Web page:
Even though "Game of Thrones" returns Sunday night for its last season, the fight between HBO and Dish continues. In order to appease fans of "Thrones" who are also subscribers to Dish, the satellite provider has adopted the unconventional approach of telling customers how to register separately for HBO Now.
Dish's website features a page dedicated to the HBO NOW registration process, Dish's premium streaming service described by Dish "is similar to Netflix."
"Even though HBO is not available on Dish, you can still watch their content with the HBO NOW app," explains a video tutorial on Dish's website. "This will take only few minutes. Click, start your free trial, and then follow the instructions on the screen. You are now ready to watch HBO shows and movies, including 'Game of Thrones', whenever you want, wherever you want. "
This is an unusual call to Dish's action, which does not get a dime if his customers sign up for HBO that way. But it's also an attempt to reassure customers by showing them that they can stay with Dish even if it does not currently offer HBO channels and continues to watch the channel. Dish blames the bulk of the stalemate on AT & T, which owns its rival DirecTV and has taken over HBO after finalizing the acquisition of Time Warner (now WarnerMedia) last June.
Before the showdown, Dish charged monthly subscribers $ 15 for HBO and $ 10 for Cinemax. As Dish notes on its website, "HBO generally offers offers including a 7-day free trial and a cancellation policy at any time; Monthly subscription is charged $ 14.99 per HBO. "
HBO is no longer available for Dish or Sling TV (Dish Dish TV service) since November, when both parties could not agree on a new distribution deal.
The confrontation comes at a difficult time for Dish, as traditional cable / satellite providers continue to get rid of video subscribers. Dish lost 1 million submarines in 2018 – including 334,000 in the fourth quarter, due to litigation between the company and HBO and Univision.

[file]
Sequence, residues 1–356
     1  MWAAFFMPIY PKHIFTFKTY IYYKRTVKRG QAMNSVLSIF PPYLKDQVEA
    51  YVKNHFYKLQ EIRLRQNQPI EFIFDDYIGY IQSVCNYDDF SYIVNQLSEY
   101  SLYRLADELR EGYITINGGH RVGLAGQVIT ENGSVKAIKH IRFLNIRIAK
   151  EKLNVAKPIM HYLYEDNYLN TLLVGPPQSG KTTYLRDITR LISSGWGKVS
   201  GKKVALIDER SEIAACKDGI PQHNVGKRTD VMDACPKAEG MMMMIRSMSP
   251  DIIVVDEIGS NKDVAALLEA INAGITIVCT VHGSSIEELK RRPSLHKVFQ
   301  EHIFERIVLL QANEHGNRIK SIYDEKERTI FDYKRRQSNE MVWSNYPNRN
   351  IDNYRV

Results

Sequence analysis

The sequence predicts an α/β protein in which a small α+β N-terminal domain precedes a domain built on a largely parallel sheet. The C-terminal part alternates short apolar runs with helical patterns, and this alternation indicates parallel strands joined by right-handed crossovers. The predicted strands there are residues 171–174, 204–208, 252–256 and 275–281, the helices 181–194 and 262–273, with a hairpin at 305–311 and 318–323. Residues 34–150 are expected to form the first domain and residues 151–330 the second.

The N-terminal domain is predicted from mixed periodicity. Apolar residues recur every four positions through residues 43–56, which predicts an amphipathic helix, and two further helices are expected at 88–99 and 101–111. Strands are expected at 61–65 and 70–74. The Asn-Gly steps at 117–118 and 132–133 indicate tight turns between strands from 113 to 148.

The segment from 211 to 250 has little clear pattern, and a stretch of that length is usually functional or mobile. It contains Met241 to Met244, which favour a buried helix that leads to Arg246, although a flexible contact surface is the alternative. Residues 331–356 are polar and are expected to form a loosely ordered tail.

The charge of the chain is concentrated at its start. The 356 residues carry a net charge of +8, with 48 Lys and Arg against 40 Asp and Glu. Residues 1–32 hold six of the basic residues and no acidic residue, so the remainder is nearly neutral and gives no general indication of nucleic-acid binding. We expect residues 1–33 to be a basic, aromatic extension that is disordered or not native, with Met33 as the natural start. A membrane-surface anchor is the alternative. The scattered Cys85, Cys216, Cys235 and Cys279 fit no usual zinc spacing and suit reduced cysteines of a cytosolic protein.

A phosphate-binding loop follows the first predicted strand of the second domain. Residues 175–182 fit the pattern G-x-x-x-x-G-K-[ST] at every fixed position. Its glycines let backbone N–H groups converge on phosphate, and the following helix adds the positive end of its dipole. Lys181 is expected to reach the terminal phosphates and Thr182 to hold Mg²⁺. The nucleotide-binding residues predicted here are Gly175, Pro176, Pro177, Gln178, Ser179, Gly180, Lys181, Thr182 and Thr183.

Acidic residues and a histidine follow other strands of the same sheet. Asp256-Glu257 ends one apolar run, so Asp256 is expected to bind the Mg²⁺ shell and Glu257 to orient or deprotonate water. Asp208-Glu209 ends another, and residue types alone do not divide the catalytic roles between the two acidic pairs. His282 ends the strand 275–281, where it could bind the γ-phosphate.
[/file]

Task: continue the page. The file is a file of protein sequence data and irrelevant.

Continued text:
Dish finally signed a new deal with Univision last month, ending a nine-month power outage. But his confrontation with HBO, in his fifth month, shows no sign of resolution at the moment.
The dispute is common in cable because disputes over distribution charges often lead to power outages. But they rarely last that long, and neither side seems to have moved. HBO declined to comment, while Dish sent a general statement: "AT & T withdrew HBO from DISH and refused to accept any offer that, realistically, could be considered fair to DISH's customers. DISH customers are not billed for HBO. Given the wide availability of HBO, DISH is working on a case-by-case basis with our loyal customers regarding their viewing needs. "
But now, winter is coming. Specifically, the last season of "Game of Thrones" is attracting so much attention and buzz that even Dish's president, Charlie Ergen, said in a February call for results: HBO. "
Ergen added that Dish's customers could find other ways to watch "Game of Thrones": "They will spend 10 weeks with their friends during Game of Thrones or become more and more used – each young person knows how to play. To make it there. on the Internet, get a code and watch free HBO. "
The executive has even suggested that hacking could increase due to the fact that some Dish users would not have access to HBO, which we would rather not see.
Despite Dish's willingness to send his "Game of Thrones" amateur customers to HBO NOW, HBO is not expecting a frenzy of listings. An insider said it was because they had not seen historically skyrocketing among HBO NOW subscribers at the return of "Thrones" (perhaps because the series, which is entering its seventh season, is already well established).